Jott might just change the way you communicate

jott logoJott is a very smart service which converts your voice mails into text and emails them to you. This blog post is being written by using Jott.

Jott is a free service - after you register your cell phone, you can call a toll free number to leave a voice message. The message will be converted to text within a few minutes, and forwarded as an email to a person (or group) on your contacts list, or to you.

Jott can be used in many clever ways:

1. Send emails to people when you are away from your computer.
2. Leave reminders for yourself from your cell. The reminder gets delivered in your email inbox.
3. When you get the idea for “the next big thing” record it by calling the Jott phone number (Jott to myself).
4. Use Jott to blog like I am doing here.


The application works really well. With normal speech, the text I got back was free of errors other than a slight misinterpretation now and then. The length of the voicemail is restricted to 30 seconds, although on a single phone call, you can leave several voicemails.

Who could use voice to text converters like Jott?

1. People on the go
2. Those who need to record news items and send them on for publication
3. People with injuries who are not able to type
4. The visually impaired who want to send email
5. The hearing impaired who would like to be able to “read” their email

Mark Rejhon has a thought provoking article on the blackberry forums on how he forwards his phone number to a “voice mailbox number” which converts his messages to text which he can receive, and read, via email, so business contacts do not even realize that he is deaf.

Jott is currently in limited beta and it is free. There is also a desktop version that lets you sent emails directly, without even going into your e-mail program.

As I mentioned before, this blog post was recorded entirely using Jott, with about 5 minutes of edits. For now, the Jott phone number has taken up the speed dial for “J” on my cell phone (sorry John!).

Other cool cell phone apps: Pinger YouMail

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Google and Jaiku - the puzzle is getter clearer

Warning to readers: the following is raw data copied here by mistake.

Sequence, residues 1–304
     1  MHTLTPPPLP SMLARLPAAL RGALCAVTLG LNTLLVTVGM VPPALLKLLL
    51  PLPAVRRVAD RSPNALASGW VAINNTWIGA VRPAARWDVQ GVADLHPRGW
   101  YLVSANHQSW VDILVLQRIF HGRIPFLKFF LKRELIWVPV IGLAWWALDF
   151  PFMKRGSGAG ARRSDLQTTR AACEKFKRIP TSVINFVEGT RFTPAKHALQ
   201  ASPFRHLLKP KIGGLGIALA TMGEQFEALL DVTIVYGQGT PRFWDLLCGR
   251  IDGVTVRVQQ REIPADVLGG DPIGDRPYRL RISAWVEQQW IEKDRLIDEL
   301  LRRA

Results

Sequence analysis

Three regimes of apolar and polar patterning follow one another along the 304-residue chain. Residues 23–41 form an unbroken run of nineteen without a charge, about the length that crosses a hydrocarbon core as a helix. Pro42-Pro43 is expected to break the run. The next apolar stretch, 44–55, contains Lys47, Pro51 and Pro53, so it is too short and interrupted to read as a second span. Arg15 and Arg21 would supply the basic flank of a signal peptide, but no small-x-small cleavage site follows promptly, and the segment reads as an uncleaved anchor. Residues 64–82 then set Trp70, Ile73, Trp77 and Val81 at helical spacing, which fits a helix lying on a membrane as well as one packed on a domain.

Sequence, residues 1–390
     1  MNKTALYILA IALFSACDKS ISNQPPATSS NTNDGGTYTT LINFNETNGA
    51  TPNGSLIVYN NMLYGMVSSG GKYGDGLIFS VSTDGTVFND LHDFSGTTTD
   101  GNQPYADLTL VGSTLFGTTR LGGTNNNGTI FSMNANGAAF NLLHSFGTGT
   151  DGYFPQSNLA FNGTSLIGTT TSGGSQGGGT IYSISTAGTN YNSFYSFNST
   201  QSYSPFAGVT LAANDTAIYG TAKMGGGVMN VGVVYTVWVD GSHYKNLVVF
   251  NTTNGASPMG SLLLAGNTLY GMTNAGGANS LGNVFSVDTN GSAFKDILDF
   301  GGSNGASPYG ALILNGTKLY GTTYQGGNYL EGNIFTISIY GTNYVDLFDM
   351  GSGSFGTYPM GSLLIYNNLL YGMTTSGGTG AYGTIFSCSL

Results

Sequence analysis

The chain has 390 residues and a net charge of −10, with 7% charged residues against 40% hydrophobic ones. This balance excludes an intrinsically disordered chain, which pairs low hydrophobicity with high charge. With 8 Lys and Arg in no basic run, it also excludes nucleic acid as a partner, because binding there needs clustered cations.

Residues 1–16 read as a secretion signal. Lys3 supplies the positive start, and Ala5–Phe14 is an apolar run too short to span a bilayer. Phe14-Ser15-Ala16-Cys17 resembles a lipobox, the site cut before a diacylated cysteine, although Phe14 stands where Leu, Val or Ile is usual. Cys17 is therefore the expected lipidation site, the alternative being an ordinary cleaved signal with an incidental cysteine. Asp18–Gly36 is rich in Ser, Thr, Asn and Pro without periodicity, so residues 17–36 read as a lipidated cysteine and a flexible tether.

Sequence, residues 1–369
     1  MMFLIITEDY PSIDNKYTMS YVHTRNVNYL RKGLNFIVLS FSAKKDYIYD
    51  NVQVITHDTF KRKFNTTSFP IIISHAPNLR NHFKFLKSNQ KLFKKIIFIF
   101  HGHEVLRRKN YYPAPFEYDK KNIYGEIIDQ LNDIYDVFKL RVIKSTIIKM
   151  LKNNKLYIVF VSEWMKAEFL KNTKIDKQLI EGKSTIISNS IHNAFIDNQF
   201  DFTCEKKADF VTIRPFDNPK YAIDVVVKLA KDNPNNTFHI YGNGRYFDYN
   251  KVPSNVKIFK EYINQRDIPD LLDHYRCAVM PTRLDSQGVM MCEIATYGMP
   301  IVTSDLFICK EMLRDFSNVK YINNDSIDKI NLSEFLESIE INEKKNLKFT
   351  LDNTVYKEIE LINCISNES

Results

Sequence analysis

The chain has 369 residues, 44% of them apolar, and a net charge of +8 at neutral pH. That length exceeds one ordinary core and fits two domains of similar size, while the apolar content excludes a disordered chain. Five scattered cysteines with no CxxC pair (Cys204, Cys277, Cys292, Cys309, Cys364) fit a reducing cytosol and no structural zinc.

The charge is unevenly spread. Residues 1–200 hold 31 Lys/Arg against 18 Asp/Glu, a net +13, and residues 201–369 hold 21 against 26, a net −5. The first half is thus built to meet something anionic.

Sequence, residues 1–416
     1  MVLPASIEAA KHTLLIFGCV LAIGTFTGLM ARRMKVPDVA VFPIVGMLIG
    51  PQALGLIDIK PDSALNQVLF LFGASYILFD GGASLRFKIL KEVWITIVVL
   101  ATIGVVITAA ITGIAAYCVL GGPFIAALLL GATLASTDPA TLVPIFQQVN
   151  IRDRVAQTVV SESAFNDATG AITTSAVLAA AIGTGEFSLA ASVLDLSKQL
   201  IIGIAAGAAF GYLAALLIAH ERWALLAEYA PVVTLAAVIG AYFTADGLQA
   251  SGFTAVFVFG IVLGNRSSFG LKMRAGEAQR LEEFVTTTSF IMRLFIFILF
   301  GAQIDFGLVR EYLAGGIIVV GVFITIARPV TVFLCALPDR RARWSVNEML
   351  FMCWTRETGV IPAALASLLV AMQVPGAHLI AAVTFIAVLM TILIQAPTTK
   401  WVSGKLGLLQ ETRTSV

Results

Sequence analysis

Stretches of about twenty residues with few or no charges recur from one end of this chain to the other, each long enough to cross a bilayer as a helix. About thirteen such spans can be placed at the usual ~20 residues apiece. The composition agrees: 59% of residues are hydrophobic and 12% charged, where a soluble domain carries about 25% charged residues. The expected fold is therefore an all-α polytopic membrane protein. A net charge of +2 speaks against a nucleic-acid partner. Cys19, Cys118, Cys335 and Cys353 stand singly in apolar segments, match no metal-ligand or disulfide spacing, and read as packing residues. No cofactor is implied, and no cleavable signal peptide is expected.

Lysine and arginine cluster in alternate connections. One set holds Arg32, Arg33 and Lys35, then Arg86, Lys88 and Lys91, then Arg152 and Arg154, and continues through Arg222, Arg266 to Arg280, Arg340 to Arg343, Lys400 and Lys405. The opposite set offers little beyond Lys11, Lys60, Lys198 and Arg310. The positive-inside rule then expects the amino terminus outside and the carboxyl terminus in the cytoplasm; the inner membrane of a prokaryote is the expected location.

jaiku logoGoogle has acquired the mobile microblogging service Jaiku for an undisclosed sum, fueling some speculation on Google’s future plans for forays into the social networking space, particularly via mobile devices.

For right now, existing users of Jaiku will carry on as usual. New users will be able to join in future, through an invitation, according to the official Google Blog.

There is further speculation that the Jaiku mobile service will be bundled in with the yet to materialize but highly hyped Google G-phone.

jaiku mobileTwitter, Jaiku, Pownce and other mobile chat applications give people one more way to communicate. The advantage to these applications is that the communications can be (and have to be) brief, so people do not feel they have to write long volumes, or stand on literary ceremony, such when writing emails - or have the need to make idle chit chat when calling acquaintances on the phone. It conveys “thinking of you” while providing a “what’s news” highlight in the briefest way possible.

Twitter is a very simple application geared at providing “What I am doing” updates - rather like the status updates on Facebook. People who travel frequently tend to embed Twitter into their web pages or blogs, to send quick bulletins on what they are up to. However, it is hard to say anything really meaningful within 140 characters.

jaikuJaiku, the more complicated cousin of Twitter, allows users to create an “activity stream” where they post Jaikus (a variation of the word haiku which means a short poem), as well as add pictures and contacts lists. The brain child of Jyri Engeström and Petteri Koponen from Finland, Jaiku was founded in February, 2006 and launched in July of that year. This is indeed a quick turn around for selling a start up that is only a year and a half old!

Google’s acquisition of Jaiku also came hot on the heels the acquisition of Zingku, the mobile social networking networking service, along with Google’s much publicized bid on wireless spectrum in the US and UK.

The interesting matter to speculate on is what does Google plan to do with Jaiku in the future? If Google were to set up their own social network, they would definitely want a quick chat or status update application, like the other social networks. One that is mobile ready and can exchange multimedia via mobile and other platforms, would definitely be a big asset.

And if the Gphone materializes, Google would definitely have the social-mobile market well covered. With Jaiku, yet another piece seems to have dropped into the puzzle!

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